History of Music Photography_03

Things start to change!!! Because of the crowded state of the photo pit and the many amateurs and/or semi-professionals shooting there, changes began to appear. The most significant change was the idea that after the first three songs, all photographers had to leave. A few bands started doing that to stem the tide of photographers shooting off flashes in their faces throughout the entire show. That was one reason. The second reason was this: MTV. When MTV came along, everyone looked perfect for their 3 minute video. If someone photographed the entire show, actual sweat would appear on the artists faces (and their hair wouldn’t stay perfect). Never mind that all photographers were now missing the best part of the show! Remember, when a band writes out a set list. This started as a gradual thing, one or two bands tried it, and it soon became the industry norm, resulting in venue security at most venues kicking everyone out after three songs, whether the band wanted it to happen or not.
In the spring of 1994, a Chicago band called Jesus Lizard came over to my house for a photo shoot for the cover of Magnet magazine. After the shoot, with the bonus of free beer, the band and I sat around talking. In the course of the conversation, David Yow, the singer jumped up and said “You are a concert photographer- tell me why every night just at the point that our show is getting really exciting, all the photographers pack up and leave?” I explained what was going on and suggested a solution: The band and their management always have the right to control access to the media. All he had to do was have his road manager meet with the head of venue security before the show and explain that all accredited photographers would be allowed to stay for the whole show! About a month later, the band went out on that years Lallapalooza traveling tour. When the tour hit Chicago, I went to the show. Included with my photo pass was a note that said: “The rules of the tour state that all photographers are allowed to only shoot the first 3 songs of each band. The exception is Jesus Lizard, who has requested that all photographers shoot their entire set.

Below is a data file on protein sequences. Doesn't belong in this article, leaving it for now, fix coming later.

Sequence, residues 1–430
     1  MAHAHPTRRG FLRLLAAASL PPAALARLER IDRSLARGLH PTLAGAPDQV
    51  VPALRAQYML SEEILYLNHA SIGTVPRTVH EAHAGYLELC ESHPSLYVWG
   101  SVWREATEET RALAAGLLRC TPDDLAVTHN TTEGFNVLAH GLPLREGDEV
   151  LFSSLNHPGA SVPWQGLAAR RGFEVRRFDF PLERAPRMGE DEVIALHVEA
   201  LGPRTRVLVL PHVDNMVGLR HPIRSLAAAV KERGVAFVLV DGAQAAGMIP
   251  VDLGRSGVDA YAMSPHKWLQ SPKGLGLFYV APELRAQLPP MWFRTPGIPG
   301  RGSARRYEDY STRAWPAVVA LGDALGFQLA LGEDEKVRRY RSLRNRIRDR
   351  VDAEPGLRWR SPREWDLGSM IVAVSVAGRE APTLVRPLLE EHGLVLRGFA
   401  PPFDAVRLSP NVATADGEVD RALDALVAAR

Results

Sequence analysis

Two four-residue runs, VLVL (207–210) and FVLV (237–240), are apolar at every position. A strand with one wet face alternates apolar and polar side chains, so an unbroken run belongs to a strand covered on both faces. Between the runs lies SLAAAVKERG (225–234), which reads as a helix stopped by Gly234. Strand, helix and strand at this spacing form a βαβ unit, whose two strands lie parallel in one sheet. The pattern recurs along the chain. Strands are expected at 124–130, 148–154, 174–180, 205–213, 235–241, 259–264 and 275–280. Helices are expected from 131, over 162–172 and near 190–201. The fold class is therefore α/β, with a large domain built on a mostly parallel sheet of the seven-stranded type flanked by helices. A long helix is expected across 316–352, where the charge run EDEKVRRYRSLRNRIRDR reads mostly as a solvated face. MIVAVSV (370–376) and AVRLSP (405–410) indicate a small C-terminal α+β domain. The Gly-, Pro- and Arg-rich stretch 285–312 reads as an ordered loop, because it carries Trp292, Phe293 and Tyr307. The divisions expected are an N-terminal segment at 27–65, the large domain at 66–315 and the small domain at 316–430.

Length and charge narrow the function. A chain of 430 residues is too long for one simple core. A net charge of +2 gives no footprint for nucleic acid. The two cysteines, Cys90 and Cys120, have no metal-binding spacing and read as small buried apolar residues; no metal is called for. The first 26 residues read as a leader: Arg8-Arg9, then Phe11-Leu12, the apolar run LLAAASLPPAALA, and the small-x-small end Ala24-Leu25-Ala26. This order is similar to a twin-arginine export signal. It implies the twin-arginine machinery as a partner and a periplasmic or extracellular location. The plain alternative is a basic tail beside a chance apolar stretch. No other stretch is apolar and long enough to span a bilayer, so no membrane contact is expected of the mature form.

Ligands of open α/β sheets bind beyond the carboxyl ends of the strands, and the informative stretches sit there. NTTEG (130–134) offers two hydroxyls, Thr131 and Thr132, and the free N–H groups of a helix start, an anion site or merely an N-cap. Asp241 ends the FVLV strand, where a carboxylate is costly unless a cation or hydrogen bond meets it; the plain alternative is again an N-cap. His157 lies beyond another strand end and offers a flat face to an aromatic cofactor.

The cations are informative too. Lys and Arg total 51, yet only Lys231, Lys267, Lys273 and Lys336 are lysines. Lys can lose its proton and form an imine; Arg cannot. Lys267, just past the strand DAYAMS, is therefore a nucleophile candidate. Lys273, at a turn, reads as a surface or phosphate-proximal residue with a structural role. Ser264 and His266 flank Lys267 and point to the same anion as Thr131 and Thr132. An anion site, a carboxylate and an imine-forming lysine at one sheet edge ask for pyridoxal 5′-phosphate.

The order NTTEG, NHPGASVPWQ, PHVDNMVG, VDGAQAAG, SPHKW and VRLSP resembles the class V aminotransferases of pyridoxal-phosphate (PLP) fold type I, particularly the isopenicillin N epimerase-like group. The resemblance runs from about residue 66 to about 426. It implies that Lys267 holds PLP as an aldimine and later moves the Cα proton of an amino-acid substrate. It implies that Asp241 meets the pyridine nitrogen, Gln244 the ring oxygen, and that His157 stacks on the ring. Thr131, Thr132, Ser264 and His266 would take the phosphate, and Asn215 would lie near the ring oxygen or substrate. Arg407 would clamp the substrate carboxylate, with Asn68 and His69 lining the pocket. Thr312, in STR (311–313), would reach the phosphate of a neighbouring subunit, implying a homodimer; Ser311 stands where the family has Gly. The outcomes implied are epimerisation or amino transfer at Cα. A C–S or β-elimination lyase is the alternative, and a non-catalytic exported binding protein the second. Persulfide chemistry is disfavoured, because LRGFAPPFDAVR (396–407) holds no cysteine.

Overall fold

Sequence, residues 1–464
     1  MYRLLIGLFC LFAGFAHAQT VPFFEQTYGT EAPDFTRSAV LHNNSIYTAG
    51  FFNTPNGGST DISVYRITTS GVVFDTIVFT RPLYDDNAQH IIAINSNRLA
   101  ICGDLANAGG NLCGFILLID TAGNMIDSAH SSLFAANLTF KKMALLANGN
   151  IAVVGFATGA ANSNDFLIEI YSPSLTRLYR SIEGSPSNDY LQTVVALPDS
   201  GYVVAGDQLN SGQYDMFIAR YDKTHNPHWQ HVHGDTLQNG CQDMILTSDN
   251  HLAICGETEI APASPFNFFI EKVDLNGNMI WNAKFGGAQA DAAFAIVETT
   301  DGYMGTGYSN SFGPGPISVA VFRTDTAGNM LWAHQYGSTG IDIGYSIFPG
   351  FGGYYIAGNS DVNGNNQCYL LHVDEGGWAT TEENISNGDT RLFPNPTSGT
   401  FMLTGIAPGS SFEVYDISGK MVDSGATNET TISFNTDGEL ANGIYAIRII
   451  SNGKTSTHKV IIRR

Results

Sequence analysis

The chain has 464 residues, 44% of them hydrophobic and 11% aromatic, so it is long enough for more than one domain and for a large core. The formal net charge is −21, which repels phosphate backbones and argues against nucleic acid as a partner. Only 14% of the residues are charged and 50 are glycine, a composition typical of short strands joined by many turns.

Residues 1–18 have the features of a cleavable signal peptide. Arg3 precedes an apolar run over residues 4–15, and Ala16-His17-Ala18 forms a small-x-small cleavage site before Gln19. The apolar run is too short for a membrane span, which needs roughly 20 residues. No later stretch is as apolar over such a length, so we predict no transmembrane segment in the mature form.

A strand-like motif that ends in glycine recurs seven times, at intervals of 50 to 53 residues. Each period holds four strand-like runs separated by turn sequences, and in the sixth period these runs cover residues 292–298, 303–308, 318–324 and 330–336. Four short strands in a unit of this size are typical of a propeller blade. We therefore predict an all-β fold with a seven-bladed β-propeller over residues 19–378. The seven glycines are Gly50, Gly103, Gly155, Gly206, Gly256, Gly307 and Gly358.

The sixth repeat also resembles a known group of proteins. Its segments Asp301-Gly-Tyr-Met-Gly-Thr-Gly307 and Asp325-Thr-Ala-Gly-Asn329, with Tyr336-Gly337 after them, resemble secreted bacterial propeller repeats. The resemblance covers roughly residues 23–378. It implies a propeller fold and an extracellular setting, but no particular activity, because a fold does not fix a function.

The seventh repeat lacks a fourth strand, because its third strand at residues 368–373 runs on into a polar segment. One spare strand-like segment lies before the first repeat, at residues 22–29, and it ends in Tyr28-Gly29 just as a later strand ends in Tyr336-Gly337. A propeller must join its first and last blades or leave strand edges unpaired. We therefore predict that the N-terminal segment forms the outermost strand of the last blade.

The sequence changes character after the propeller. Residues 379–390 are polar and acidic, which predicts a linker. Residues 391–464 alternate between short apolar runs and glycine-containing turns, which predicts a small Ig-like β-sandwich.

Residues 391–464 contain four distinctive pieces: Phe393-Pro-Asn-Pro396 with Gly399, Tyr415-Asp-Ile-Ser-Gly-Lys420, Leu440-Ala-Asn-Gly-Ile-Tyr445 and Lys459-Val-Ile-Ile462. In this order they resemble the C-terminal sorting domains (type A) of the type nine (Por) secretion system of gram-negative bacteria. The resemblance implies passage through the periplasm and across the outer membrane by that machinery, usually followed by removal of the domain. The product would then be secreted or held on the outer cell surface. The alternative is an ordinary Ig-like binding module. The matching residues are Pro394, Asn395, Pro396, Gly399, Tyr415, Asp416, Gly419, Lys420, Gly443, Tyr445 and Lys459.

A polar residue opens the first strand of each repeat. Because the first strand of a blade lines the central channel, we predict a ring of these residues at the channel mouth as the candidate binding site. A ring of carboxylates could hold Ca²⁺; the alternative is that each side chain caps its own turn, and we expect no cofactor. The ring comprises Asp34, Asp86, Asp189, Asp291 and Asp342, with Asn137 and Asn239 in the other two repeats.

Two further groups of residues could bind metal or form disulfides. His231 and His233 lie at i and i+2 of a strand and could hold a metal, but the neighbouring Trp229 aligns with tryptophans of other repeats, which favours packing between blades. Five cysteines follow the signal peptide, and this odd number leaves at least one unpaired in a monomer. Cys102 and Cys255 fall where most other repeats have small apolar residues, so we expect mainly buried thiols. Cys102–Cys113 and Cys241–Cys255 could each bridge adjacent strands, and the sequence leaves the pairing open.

Final footnote for this week:
When the tour hit New York City, a friend of mine was assigned to photograph for the New York Times. I had told her the Jesus Lizard story, and she arrived early to make sure to shoot their set. During their last song, David dove into the crowd and sang the last song while being carried around the audience on his back. When the Times ran their revue, guess what the lead photo was? Yes, Jesus Lizard.
By the way, Stevie Wonder allows people to photograph the FIRST MINUTE of his show only. I will talk about that next week!

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